As global equities are going through another goldilocks episode, fixed income is threading water in the expectation of signals from major central banks about the possible direction of interest rates. Meanwhile, Croatian investors are undergoing switching from local bonds into international ones because of considerable pickup. If you still haven’t done it, put March 20th on your calendar because it’s the first date of Croatian sovereign rating review (S&P). For the additional three dates worth remembering, go through this brief article.
On December 09th, 2019 JP Morgan issued its Equity Derivatives Outlook publication with a 3,400.00 point target for the S&P500 index (year-end 2020, assuming EPS @ 180 USD an P/E ~ 19.0x). At a time of publication, this was forecast was positioned at the higher part of the spectrum and it took a lot of guts to publish such a figure. Nevertheless, merely one month and two signatures on the US-China trade deal later, the S&P500 closed at 3,316.81, meaning that in the first two weeks of the year the index delivered more than half of the expected annual return. Dow Jones broke the magical 29,000 point threshold as well, so generally speaking US equity indices closed at record highs yesterday. Speaking about implied volatility indices, VIX index closed at 12.32 (the lowest value since end-November) and the spread between the first and the second futures is at its 97th percentile, looking within the three-year time span. This is not pointing in the direction of increased implied volatility going slightly forward since the front month futures contract will be expiring as soon as next week (January 22nd) so the price of the futures contract converged to the index value. On the other hand, the spread between the second futures and the index appears to be slightly elevated (15.14 – 12.32 = 2.82, 81st percentile in 2017-2020 time horizon), meaning that markets might be hedging themselves against realized volatility in the months ahead.
Speaking about the Croatian international bonds not much has been going on lately in terms of yields and prices. The long end (CROATIA 2029 EUR in particular) has reported a modest rise in prices amid heightened geopolitical risk, the top of it being the day that Iran retaliated by shelling US military positions in Iraq. Nevertheless, since then European bonds managed to report a price correction, meaning that the drop in yields was a pure risk off move that was short lived as usual. The chart submitted below shows that CROATIA 2029 EUR could now be purchased @ 104.25 clean price (0.66% YTM, 93.4bps above the German paper of corresponding maturity). Considering Croatian bonds, there are still some things worth considering: Standard&Poor’s Global Ratings is expected to review the Croatian sovereign rating on March 20th and on September 18th, while Fitch will the same on June 05th and December 04th. These dates are definitely worth putting on the calendar, although markets tend to anticipate the moves and trade the corresponding sovereign paper as the move had already happened.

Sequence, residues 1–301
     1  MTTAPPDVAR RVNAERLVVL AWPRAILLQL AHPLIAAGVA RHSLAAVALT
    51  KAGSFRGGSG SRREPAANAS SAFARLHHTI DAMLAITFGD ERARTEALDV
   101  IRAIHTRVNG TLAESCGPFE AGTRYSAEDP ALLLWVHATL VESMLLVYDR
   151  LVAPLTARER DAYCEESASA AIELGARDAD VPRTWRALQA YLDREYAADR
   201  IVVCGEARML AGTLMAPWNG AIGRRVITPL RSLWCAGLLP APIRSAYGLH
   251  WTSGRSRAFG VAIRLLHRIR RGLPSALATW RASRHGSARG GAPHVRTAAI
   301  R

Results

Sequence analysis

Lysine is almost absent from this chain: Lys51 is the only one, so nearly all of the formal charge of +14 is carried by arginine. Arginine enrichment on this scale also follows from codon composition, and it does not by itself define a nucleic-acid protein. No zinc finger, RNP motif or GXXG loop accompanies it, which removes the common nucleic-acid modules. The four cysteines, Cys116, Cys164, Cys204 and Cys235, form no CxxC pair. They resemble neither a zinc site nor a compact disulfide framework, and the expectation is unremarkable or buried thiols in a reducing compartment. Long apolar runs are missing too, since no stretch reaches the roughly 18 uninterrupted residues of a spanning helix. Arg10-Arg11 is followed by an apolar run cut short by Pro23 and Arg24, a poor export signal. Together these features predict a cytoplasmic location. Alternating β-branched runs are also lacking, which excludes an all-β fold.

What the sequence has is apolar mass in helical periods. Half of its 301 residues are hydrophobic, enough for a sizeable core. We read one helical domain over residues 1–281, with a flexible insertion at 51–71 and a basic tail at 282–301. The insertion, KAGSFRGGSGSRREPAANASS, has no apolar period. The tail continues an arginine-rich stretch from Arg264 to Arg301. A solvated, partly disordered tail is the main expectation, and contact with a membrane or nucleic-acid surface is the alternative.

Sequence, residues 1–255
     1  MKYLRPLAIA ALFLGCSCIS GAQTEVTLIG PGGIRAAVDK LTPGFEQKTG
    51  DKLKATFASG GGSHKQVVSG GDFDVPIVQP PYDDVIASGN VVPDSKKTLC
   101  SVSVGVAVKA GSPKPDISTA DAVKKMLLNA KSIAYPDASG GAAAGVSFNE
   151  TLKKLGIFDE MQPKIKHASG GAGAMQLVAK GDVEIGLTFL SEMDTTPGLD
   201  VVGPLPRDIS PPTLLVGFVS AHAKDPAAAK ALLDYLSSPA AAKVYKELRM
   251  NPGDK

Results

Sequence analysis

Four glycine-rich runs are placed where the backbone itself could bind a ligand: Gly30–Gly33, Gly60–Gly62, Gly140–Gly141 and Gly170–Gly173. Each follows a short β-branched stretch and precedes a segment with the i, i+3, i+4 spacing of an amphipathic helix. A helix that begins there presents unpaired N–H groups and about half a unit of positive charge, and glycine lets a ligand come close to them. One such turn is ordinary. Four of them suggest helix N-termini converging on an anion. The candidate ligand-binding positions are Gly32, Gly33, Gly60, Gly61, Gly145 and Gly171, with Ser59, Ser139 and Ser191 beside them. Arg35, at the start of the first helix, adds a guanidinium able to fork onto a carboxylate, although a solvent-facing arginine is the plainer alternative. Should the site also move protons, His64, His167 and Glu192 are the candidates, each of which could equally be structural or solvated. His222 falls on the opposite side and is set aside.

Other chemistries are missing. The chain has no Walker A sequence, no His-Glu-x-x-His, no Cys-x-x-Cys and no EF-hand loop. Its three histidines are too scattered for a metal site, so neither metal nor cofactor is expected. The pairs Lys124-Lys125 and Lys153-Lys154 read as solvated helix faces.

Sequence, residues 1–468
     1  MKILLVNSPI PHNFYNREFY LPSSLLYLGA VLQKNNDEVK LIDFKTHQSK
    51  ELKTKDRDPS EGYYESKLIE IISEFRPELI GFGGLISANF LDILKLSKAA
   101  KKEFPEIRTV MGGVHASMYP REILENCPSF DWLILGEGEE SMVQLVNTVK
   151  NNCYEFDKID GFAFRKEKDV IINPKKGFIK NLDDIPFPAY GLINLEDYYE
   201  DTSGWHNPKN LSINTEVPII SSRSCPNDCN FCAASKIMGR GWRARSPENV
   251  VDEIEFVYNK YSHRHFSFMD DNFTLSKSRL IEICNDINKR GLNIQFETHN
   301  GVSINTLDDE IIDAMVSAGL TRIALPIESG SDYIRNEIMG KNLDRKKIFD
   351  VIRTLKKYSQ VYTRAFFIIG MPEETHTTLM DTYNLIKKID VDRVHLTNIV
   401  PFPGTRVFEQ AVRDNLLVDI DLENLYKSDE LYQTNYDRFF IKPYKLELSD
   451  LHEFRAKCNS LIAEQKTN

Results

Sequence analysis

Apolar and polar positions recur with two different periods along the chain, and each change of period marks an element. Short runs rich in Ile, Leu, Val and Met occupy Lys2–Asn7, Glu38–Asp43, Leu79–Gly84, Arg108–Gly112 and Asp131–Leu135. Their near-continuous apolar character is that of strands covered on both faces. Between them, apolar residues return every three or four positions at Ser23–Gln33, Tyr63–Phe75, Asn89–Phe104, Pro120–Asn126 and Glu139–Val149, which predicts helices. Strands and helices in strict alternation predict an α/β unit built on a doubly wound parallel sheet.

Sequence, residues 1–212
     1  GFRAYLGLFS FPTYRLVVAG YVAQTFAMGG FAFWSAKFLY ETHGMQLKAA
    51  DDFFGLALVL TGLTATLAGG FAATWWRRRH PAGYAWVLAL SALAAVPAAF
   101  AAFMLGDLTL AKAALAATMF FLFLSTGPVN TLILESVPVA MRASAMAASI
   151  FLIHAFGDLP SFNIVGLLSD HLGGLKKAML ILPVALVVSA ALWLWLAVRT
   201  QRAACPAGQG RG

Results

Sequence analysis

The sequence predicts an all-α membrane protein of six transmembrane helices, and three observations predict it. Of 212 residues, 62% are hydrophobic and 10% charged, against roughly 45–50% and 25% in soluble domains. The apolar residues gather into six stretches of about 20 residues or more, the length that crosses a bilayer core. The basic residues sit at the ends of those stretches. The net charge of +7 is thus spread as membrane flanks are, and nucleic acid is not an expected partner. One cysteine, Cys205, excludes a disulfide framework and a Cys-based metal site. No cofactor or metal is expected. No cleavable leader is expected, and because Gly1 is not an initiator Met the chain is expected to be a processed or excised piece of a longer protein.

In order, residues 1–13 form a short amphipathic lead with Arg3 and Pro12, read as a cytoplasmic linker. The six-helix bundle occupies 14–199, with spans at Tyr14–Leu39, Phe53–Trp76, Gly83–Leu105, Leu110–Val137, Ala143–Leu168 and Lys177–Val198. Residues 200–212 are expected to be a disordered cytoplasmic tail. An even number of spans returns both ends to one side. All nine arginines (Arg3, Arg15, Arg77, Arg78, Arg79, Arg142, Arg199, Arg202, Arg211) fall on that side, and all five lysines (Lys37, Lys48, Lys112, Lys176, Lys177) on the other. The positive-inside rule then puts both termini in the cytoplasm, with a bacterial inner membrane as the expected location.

Looking at the local HRK curve, the yields did move slightly up compared to mid-October, a response to rising yields in the international markets. Currently, we’re seeing a bit of a selling pressure on CROATE 2.375 07/09/29 – at least part of it comes from switching from local bonds into Eurobonds since hedging FX exposure represents a carry positive trade. This switching trade might suddenly stop once the forward points on EURHRK turn negative and FX hedging starts to work the other way around, i.e. eating away all of the yield premium of international bonds.
For CEE investors looking at Romania, rating events are scheduled for 01st May (Fitch), June 05th (S&P), 30th October (Fitch) and December 04th (S&P). Two things are worth considering here: the two rating agencies converged to the same credit rating (BBB-), but they diverge in terms of outlook (S&P has a negative one, while Fitch keeps it at stable). The country is expected to place an international bond any time soon (i.e. in the coming months) and there is no rating reviews on the calendar before the placement actually happens. The size and the duration of the paper (or papers, if there is a multiple tranche) is still unknown, but it wouldn’t be surprising if the country decides to issue a paper with an extended maturity. In the midst of a complex political situation, the current Ministry of Finance looks determined to bring down the fiscal deficit to 3.0% GDP by 2023, although some form of fiscal largesse might be required if the ruling party seeks to secure a stable government.